The Siyazama Project and BCXSY in KwaZulu-Natal, South Africa (2009 – present)

In 2009 Editions in Craft initiated the first contact with the Siyazama Project, a collective of twenty women from the rural province of KwaZulu-Natal in South Africa who work with traditional beadwork. The vision was to set up a collaboration to develop products together in workshops by linking traditional skills with contemporary design practice and through sharing techniques and exchanging ideas.

For the first workshop in March 2010, the design cooperative BCXSY (Boaz Cohen and Sayaka Yamamoto) from the Netherlands were invited to collaborate with eight women of the Siyzama Project (Lobolile Ximba, Sbongile Ximba, Celani Noyjeza, Princess Ngonephi Ngcobo, Kishwepi Sitole, Tholiwe Sitole, Beauty Ndlovu, Thokozani Sibisi) to design and produce prototypes together.

Beadwork is a strong part of the Zulu tradition. The trade in beads began hundreds of years ago and probably first came to Africa about three thousand years ago. Since the Zulu people could not make the beads themselves, they valued them highly and used them to create many different items. They also weaved messages into them, which were then sent to friends and lovers. Zulu beadwork was thus not only a craft, but it was importantly also a means of communication similar in principle to a written language. Formerly imported from Venice, Italy, the beads now come primarily from the Czech Republic and India. Today the beadwork is still the exclusive terrain of Zulu women, and is the main source of income for many of them.

The Siyazama Project now predominately makes decorative dolls and animals, which are sold at local tourist shops, but the Siyazama project is ready for expansion, especially as the bottom is starting to fall out of the souvenir market.

BCXSY are product and interior designers and their work can be described as an interplay between the value of material, form, history and meaning. They often introduce elements of handiwork in their design.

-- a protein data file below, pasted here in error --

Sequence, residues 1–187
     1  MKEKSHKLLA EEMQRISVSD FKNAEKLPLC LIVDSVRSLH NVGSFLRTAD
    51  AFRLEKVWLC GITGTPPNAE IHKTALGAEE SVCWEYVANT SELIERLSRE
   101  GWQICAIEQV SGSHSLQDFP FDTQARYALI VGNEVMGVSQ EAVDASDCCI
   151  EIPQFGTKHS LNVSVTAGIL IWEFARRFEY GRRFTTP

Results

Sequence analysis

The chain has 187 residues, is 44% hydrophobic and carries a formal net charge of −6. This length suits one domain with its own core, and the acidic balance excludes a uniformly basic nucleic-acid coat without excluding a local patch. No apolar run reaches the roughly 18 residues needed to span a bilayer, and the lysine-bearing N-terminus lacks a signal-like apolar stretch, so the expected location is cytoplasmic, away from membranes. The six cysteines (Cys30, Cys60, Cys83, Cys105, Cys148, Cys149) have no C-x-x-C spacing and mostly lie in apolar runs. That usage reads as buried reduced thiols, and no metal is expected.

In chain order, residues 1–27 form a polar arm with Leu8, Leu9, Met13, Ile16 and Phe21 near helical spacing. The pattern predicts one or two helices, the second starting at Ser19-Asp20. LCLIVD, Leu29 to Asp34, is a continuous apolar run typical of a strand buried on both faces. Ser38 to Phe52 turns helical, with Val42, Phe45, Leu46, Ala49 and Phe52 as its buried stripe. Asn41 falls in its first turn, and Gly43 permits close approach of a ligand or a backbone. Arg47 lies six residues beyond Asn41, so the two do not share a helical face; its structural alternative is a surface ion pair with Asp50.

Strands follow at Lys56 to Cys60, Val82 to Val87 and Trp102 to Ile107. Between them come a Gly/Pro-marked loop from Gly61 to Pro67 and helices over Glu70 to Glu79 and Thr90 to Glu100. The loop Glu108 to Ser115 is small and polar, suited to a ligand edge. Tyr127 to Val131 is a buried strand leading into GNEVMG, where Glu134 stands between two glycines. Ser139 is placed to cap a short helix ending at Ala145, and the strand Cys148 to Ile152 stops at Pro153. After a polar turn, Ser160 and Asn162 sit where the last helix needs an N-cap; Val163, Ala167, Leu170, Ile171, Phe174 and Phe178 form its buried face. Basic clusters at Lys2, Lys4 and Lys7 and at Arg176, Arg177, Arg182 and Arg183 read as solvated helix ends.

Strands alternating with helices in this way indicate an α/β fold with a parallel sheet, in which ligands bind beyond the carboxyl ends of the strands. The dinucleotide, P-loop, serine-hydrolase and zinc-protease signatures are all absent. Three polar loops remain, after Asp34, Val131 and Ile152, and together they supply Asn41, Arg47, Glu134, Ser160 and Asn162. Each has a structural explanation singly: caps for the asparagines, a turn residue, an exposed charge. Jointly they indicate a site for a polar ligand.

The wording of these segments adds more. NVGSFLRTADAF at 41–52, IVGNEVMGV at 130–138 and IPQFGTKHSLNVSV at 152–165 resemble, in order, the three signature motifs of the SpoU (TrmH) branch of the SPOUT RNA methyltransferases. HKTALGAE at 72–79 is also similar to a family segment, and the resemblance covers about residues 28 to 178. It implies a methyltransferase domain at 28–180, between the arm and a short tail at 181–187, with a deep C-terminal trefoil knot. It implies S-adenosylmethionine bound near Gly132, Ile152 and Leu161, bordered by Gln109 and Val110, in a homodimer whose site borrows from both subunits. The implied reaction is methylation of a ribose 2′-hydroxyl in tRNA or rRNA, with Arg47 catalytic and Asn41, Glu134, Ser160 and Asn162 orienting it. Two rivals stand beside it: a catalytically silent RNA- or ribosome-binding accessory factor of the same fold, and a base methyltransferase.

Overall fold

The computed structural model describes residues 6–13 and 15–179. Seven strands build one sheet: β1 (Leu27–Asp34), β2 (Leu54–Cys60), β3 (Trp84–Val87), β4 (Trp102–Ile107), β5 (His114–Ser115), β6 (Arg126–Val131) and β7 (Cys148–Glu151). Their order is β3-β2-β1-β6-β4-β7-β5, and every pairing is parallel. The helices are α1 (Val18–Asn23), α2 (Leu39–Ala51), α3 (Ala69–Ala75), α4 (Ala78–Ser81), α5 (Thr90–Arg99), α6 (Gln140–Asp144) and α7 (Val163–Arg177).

In researching the beadwork of Siyazama, BCXSY found their inspiration in traditional ceramic vessels – earthenware constructed by handmade coils of clay. Associated with the natural movements of a snake, they wanted the beadwork to be suggestive of the scales on a snakeskin, both in pattern and color. Another idea was to use only locally found and recycled materials in order to keep the production process simple.

Leaving ample room for interpretation and creative input by the Siyazama women, BCXSY developed open-ended sketches for a vase, a lamp and a bowl, which would form the starting point for the workshop. The technical solutions and the shape, colors and patterns were further developed together in the workshop.

The outcome is Coiled – a series of prototypes for three different size vases and a lamp. The bases of the vases are made of recycled pet bottles and left over pieces of fabrics, covered with strands of beads.

Coiled will be an ongoing and unlimited series. Each product will be handmade and unique, and different in shape, colors and patterns.

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